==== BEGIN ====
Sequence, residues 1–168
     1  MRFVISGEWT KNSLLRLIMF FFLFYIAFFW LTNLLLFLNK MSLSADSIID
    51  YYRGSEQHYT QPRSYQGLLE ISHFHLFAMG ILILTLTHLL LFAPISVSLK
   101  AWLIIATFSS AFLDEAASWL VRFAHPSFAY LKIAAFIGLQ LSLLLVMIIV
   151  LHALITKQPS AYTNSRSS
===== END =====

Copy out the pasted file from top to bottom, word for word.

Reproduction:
Sequence, residues 1–168
     1  MRFVISGEWT KNSLLRLIMF FFLFYIAFFW LTNLLLFLNK MSLSADSIID
    51  YYRGSEQHYT QPRSYQGLLE ISHFHLFAMG ILILTLTHLL LFAPISVSLK
   101  AWLIIATFSS AFLDEAASWL VRFAHPSFAY LKIAAFIGLQ LSLLLVMIIV
   151  LHALITKQPS AYTNSRSS